Graphic Images: Autocrats and the Use of Power
Disrupting Democracy Volume IV
In this fourth and final installment of our Disrupting Democracy series, Graphic Images: Autocrats and the Use of Power will look at how three authoritarian regimes undermine the prospects for democracy and stability in their respective regions. Drawing from the more than 15 years of data from the Bertelsmann (Stiftung) Transformation Index, this publication reimagines country and regional level data into infographics that shine a light on three distinct cases: Russia, Iran and China. In Russia, we examine how President Putin’s assault on democratic institutions at home has strengthened his hand to intervene militarily and through disinformation campaigns in post-Soviet Eurasia. Iran presents us with a case in how a weak government can still leverage limited resources to bolster nationalism and effectively reshape an entire region in the Middle East. And China offers perhaps the most complicated case; a country that has embraced its superpower status by molding the international system according to its own values through economic influence, and offering a counterexample of governance to that of the United States.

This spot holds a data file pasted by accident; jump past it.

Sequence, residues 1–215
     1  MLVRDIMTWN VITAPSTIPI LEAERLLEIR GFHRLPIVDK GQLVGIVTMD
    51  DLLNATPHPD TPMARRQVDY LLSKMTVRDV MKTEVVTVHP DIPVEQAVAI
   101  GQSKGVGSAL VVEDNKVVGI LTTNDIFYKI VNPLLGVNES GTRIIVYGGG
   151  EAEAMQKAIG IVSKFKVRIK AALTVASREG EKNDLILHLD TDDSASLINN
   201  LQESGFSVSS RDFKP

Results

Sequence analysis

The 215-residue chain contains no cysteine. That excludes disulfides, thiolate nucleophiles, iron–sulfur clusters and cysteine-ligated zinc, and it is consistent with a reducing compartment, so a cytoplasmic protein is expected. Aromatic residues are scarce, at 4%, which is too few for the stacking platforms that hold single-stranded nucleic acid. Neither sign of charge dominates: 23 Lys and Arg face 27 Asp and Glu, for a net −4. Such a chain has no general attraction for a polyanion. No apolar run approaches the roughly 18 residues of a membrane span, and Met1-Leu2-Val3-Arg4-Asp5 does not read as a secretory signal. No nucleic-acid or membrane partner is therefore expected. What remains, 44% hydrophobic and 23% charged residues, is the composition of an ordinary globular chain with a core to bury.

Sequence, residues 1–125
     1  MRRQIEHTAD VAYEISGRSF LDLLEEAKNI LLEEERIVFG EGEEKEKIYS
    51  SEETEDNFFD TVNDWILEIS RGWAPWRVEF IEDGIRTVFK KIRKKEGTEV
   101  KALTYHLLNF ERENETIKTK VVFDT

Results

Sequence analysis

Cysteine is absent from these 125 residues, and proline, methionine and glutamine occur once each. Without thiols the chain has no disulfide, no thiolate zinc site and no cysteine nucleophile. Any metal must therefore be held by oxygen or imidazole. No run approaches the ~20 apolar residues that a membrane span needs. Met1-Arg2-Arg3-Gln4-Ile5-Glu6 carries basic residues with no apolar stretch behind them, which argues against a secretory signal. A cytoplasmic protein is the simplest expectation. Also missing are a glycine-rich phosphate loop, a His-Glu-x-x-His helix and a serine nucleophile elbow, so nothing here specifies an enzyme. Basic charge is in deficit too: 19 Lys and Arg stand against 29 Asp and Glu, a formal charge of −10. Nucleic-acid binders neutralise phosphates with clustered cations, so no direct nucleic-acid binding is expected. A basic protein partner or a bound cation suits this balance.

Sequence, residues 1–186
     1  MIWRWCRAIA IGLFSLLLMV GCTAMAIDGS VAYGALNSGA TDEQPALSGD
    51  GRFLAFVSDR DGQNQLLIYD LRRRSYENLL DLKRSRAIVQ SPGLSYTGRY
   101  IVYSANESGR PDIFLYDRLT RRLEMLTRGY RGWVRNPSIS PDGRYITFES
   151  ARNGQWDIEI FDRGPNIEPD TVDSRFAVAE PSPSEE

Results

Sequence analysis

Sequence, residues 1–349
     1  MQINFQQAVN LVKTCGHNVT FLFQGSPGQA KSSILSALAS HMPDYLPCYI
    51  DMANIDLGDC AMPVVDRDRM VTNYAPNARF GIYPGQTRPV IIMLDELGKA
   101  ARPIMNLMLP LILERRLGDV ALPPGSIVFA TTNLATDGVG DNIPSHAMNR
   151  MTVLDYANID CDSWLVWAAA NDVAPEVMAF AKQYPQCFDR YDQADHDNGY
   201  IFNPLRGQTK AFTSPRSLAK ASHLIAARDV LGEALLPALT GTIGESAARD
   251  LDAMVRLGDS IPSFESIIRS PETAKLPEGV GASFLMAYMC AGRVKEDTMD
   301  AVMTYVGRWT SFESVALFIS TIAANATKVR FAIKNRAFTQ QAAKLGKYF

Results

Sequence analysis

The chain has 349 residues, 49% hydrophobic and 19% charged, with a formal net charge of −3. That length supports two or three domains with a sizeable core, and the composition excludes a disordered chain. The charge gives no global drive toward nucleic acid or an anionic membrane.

The images you’ll find in the pages to follow often present a bleak picture for democracy’s prospects in 2022. We can react with despair or we can treat this book as a clarion call to begin reversing the steep democratic decline we’ve observed over the course of this project. Our hope is that by the time you turn the final page of this volume, the choice will be clear.
Anthony T. Silberfeld
Director, Transatlantic Relations
Tony Silberfeld joined the Bertelsmann Foundation as the Director of Transatlantic Relations in April 2014, overseeing a project portfolio aimed at strengthening the Euro-Atlantic alliance through traditional and innovative means. His research focuses on democratic innovations in cities, and geopolitical competition in space. He currently oversees two online platforms, RANGE and the Transatlantic Periscope, that provide geopolitical forecasting capacity and in-depth analyses of America’s bilateral relationships with its European partners, respectively. Tony has produced long-form publications, policy briefs, graphic books, education guides, digital animations and feature-length documentary films, constantly exploring cutting-edge avenues to connect the Foundation’s work to policymakers and the public.
Tony arrived at the Foundation after seven years with the United Kingdom’s Foreign and Commonwealth Office, where he was head of political and public affairs at the British Embassy’s Northern Ireland Bureau in Washington, DC. He also served as the Northern Ireland government spokesman in the Americas, and advised government ministers on political developments in the United States, Canada and Brazil. Prior to his tenure with the British government, Tony held posts as a foreign policy advisor in the U.S. Senate and the House of Representatives.
Tony has a master’s degree from the University of Denver’s Josef Korbel School of International Studies and a bachelor’s degree from Tulane University.